• Russia-Africa Summit sums up Moscow's reinvigorated role in global politics since Africa has the largest voting bloc at the United Nations.
• However, the divide and rule policy has been used to weaken Africa’s bargaining power
Geopolitical considerations are critical when assessing the state of Africa’s development, especially due to our colonial history and the ever-changing world order.
However, the continent has always had some leverage since its economies are, to some degree, directly proportional to the size of the population, hence providing a ready market. Our natural resources, combined with huge arable land and a growing population are a big threat/opportunity to global powers.
Currently, we are in bed with China, but Russia has come back knocking after its long absence ever since the end of the Cold War. Having allegedly helped Donald Trump rig elections and recently got credits from the US leader for contributing to the killing of Isis founder Abū Bakr al-Baghdadi, Moscow has just concluded a high-level Russia-Africa Summit in Sochi, attended by 43 African Presidents.
DIVIDE AND RULE STRATEGY
This summit sums up the country’s reinvigorated role in global politics since Africa constitutes the single-most and largest voting bloc at the United Nations.
However, the divide and rule policy has been used as a strategy to weaken Africa’s bargaining power. While Russia is the Number One supplier of military weapons to Africa, with Kenya being its second trading partner, we continue to hold the short end of the stick with a deficit of $2.3 billion.
Over and above military weapons, the country is selling grain to the continent in addition to the deployment of mercenaries in case of an emergent power struggle, thus providing some comfort to any leader who is hell-bent on clinging to power, or is threatened by political competitors. This is not new though.
The French have perfected the art in West Africa through use of a common language, military, coups, and the exercise of a mandatory CFA common currency and foreign reserve deposits, to cushion and stabilize their Central bank.
Without this, France would be a Third World country, according to former long-serving French President Francois Mitterand. Moreover, use of the so-called ‘elections technology’, whose gadgets are ostensibly moved from one country to another, to determine who becomes President from a central command centre is a cause to worry. For example, the all too famous servers that were used during the 2017 General Election in Kenya were supplied by a French company, OT-Morpho.
I remember bumping into France’s Ambassador to Kenya at Bomas frantically questioning Nasa’s leadership’s insistence that they be opened. It emerged later on that the passwords to the servers were still being held by the French company a few days to the elections.
The neo-colonialists have, therefore, devised new ways of control. This is part of the reason why CS Amina Mohamed lost to the Chadian candidate for Africa Union Commission chairmanship (a position since the latter was backed by the French for them to continue their stranglehold on the 14 member CFA union).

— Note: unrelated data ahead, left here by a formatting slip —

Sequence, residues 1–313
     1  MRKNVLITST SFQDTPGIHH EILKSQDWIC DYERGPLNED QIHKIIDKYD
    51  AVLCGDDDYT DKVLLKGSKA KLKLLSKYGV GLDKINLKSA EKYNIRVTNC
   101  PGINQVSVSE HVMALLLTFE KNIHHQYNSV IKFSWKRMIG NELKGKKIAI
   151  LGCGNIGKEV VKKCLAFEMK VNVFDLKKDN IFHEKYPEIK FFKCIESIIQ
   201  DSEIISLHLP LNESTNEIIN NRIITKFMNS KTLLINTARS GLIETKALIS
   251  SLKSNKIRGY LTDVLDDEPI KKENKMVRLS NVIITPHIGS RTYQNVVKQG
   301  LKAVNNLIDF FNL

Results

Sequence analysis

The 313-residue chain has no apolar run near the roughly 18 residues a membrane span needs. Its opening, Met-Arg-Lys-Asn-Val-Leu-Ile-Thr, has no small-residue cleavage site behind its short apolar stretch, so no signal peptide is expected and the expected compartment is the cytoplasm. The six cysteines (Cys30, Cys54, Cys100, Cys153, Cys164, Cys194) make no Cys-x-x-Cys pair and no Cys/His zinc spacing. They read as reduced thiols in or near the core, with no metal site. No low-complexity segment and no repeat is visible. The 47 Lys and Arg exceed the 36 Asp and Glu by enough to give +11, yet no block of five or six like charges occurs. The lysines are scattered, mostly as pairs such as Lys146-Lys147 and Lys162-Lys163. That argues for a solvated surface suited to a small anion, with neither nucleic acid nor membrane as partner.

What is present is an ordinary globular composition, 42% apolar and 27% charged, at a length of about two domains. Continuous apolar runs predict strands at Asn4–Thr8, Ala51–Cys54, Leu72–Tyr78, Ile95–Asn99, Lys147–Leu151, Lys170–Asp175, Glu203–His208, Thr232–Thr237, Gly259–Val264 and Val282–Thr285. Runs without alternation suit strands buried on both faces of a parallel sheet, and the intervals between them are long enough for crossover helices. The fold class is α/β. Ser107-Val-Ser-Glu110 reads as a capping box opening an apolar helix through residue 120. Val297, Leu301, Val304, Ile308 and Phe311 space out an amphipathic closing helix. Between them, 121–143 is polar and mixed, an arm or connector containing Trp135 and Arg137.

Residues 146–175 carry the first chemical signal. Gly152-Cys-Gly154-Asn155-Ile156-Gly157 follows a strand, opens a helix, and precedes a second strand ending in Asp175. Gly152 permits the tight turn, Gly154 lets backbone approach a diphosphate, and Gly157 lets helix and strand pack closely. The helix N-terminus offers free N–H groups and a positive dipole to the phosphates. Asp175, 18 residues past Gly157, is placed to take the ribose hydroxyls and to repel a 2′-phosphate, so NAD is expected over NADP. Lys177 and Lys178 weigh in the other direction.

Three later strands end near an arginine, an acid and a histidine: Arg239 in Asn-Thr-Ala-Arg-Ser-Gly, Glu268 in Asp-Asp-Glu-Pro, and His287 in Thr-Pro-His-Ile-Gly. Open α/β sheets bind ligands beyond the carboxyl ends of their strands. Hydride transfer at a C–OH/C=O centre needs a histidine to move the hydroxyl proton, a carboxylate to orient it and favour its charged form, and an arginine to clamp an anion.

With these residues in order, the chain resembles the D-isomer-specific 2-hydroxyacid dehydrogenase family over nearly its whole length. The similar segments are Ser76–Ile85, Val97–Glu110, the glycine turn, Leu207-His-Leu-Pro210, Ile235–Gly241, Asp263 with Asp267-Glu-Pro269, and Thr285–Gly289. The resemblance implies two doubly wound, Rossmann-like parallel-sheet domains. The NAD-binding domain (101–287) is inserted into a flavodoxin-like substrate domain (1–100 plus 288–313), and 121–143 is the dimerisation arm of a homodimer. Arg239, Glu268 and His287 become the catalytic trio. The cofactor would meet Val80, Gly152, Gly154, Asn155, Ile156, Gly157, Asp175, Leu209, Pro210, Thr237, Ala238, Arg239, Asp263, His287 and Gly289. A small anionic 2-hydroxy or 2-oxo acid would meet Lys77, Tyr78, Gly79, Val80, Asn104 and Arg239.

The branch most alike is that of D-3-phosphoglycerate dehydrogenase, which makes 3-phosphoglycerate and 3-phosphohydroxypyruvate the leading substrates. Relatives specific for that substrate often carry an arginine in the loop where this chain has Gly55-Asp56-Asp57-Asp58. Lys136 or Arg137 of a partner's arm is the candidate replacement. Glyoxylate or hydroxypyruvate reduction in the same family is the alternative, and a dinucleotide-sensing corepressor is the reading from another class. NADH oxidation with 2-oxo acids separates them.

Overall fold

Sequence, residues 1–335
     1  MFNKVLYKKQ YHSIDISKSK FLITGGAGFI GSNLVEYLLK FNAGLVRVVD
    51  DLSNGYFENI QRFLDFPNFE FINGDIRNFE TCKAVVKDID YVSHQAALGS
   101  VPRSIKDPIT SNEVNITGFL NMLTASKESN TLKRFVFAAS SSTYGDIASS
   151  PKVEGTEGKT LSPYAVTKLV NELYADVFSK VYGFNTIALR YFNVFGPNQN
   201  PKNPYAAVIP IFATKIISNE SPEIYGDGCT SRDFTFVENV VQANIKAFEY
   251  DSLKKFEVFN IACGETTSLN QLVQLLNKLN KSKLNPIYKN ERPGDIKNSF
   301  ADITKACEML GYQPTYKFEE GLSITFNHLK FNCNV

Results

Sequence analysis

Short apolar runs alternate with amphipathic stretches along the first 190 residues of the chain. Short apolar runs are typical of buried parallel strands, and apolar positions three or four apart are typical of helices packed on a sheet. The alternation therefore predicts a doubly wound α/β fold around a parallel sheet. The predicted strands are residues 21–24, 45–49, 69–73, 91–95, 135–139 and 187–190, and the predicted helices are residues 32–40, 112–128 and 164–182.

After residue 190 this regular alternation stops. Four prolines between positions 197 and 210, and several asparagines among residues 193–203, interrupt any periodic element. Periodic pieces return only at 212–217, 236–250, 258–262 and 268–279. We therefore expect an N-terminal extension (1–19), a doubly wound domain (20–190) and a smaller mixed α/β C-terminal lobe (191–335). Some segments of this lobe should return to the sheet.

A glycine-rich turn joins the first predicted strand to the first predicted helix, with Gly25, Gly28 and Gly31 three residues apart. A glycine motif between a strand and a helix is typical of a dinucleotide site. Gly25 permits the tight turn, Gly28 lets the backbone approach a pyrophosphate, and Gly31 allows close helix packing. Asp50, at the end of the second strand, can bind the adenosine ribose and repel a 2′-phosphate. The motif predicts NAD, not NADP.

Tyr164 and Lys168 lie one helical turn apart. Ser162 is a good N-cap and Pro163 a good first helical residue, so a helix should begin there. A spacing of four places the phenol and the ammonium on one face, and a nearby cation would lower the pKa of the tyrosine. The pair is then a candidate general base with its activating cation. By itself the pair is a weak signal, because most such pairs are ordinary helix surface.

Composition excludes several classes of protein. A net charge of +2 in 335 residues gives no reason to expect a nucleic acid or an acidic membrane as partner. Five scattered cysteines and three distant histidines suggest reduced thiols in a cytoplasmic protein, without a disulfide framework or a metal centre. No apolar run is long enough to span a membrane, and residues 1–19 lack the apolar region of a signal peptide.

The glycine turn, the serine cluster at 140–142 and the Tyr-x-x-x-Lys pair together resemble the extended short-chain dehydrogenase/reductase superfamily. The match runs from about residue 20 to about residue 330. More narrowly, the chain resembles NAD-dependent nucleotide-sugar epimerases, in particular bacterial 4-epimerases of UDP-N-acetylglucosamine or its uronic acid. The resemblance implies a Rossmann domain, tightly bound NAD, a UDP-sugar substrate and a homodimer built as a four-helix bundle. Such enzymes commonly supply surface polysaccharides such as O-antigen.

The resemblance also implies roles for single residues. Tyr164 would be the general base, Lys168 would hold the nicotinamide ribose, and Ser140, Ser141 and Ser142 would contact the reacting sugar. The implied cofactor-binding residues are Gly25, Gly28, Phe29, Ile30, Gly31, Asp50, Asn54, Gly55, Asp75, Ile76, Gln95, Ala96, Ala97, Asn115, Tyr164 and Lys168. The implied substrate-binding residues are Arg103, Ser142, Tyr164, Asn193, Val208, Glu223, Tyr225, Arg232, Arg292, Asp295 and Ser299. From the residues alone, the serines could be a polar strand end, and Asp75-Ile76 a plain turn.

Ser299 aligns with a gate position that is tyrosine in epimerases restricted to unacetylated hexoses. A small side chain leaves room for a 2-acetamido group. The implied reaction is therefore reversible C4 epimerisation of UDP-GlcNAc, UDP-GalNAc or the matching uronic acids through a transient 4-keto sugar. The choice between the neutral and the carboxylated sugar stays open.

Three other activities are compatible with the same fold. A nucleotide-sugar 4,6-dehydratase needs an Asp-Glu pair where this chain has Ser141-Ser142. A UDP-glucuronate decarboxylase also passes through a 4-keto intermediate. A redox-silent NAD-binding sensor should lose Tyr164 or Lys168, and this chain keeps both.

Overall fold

Recently, AU ambassador to the UN Arikana Chihombori Quao was sacked after questioning France and its projects of destabilizing many French-speaking African countries.
Libyan leader Muammar Gadhafi had to go because he was funding the AU’s budget up to 53 per cent. He was for self-reliance as he also believed in the development of an African supra-state.
Former Zimbabwe President Robert Mugabe was demonised for questioning land transfer agreements the British refused to honour when the time was due.
Rwanda and Ghana are on the radar for showing Africa can have a successful state model and that industries can be developed. At the African level, South African multinationals are expanding to Kenya, with companies such as ABSA (Barclays), Sanlam, Shoprite and many others now resident in Nairobi, replacing homegrown ones such as Nakumatt, Uchumi, etc.
It is important to note that the South African economy is largely in the hands of Afrikaans. On the other hand, the World Bank and IMF rank Kenya as number 67 in the ease of doing business scorecard. However, heretofore many successful local business ventures such as Sportspesa, Betin and Finlays, among other companies, are closing down or are on the verge of doing so.
If someone is going to have you for dinner, you have them for lunch. This is what is happening to Africa and Kenya. We need to ask ourselves very hard questions.
President Mwai Kibaki left us with a budget financed at 93 per cent domestically, yet today, we have a budget hole of Sh635 billion while the country is broke.
We have moved from a budget of less than Sh1 trillion to Sh3 trillion in less than 10 years, yet our revenues are not more than Sh1.4 trillion on a good year. Treasury puts it at Sh1.7 trillion but the deficit keeps rolling to the following year.
These are the little foxes that hinder our full potential as a country and as a continent. We are in an extractive externalising economy whose massive borrowing will further expose us to external shocks after crowding out local investors.
Kwa ground vitu ni different.
Mwaura is the senator for persons with disabilties